COLUMBUS, Ind. (AP) — Cummins Inc. says it plans to hire 2,500 workers in the U.S. this year. The Columbus-based engine manufacturer says it is hiring across the board to meet strong demand worldwide and in anticipation of an economic recovery. A company spokesman tells The Columbus Republic that it's too soon to know how many of the 2,500 jobs will be added in Columbus.
SAN FRANCISCO (AP) — Texas Instruments Inc. is buying National Semiconductor for $6.5 billion in a marriage of two of the world's premier makers of analog chips, which are widely used in electronics to transform signals such as sound into digital form that computers can understand. In scooping up National Semiconductor, TI is getting a storied Silicon Valley company whose history stretches back more than 50 years and is known for its power-...
Recently, I stood before a plant management team sharing labor strategies that could help resolve some serious cost problems associated with inefficient shift schedules. The plant manager talked about some of their greatest achievements. Number one was keeping their overtime below 5 percent. Corporate listed low overtime as a key performance indicator, and minimizing it was critical to plant bonuses.
You work in one of the most sensitive production areas in a large chemical plant. The concern is that no contaminants be introduced into the work area, including stray tools and equipment. Or you’re standing on the walkway above a large newspaper-printing press—and time is money.
Green Bay Packaging’s Coated Products Operations division has implemented a strategy that not only makes environmental sense, but also financial cents. The Green Bay Packaging Inc. Coated Products Operations division coats, laminates, and slits pressure-sensitive label materials in Titletown—also known as Green Bay, WI (It was just in February that the Green Bay Packers football team won the Super Bowl, after all).
As distasteful as it may seem to some students and parents, working with your hands may be a good alternative in this changing economy. When you look around, people still are needed to fix your car, rewire or paint your house, fix your broken power lines, teach you to play the piano, and bypass your clogged arteries.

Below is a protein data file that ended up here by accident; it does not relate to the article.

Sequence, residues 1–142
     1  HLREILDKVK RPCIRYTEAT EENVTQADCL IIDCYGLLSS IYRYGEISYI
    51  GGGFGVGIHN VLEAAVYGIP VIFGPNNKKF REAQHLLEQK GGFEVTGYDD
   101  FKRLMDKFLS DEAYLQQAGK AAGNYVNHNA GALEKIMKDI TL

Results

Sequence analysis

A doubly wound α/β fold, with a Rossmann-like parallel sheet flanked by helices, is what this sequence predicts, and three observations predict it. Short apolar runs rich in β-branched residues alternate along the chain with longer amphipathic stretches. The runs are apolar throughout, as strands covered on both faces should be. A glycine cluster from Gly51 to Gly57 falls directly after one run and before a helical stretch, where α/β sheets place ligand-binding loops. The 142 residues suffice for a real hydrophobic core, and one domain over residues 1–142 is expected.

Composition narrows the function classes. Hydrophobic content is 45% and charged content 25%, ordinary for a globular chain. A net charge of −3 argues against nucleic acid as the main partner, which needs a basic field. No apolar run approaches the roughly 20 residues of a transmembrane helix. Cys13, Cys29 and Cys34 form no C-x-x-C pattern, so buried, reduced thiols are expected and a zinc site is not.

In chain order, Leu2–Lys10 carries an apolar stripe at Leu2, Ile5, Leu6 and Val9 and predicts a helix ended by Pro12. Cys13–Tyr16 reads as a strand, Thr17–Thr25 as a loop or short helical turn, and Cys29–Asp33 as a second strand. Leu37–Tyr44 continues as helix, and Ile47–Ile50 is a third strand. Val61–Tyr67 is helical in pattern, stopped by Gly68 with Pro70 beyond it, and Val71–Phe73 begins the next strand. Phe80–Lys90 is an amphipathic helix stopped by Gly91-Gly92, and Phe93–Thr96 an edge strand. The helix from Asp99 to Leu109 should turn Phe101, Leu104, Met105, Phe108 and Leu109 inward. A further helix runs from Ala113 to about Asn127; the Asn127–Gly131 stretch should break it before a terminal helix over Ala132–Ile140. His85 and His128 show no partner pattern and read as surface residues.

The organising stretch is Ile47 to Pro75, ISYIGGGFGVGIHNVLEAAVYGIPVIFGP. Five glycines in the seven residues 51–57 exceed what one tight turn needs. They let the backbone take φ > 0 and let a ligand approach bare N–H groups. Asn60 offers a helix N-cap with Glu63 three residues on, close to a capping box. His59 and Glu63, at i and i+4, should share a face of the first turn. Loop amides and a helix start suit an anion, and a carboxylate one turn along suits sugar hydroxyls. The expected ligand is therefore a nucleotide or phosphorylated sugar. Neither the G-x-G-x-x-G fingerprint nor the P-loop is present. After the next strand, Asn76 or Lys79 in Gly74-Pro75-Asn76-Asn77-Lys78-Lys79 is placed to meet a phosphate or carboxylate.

One of the company’s machining centers, which create precision parts for customers in a variety of markets. “People want product as soon as possible. The days of six, eight, 12-week lead times just don’t exist any more. We have more customers knocking on our door saying, ‘Okay, you said two weeks, but can we get it in a week?’ That really changes things.
Imagine the following scenario: One of your plant floor employees has just had their eye or skin exposed to a caustic chemical, which needs to be immediately flushed from contact. Per OSHA regulations, you should already have an eye washing station or emergency shower on the plant floor, which the employee should be familiar with.
Once upon a time the term “Made in America” stood for something: pride, jobs, and quality. However, we have become a society of increasing consumer demand, which led to a notable decrease in quality at manufacturers worldwide. IMPO sat down with Dyadem president and CEO Kevin North for a look at what manufacturers can do to improve quality while remaining cost efficient.
Sometimes, things that seem factual are not exactly true. Here are a few examples relating to inventory: When I was a materials manager the auditors would declare that we had taken a “good inventory” at year-end when the amount of positive variances was counterbalanced by an equal amount of negative variances.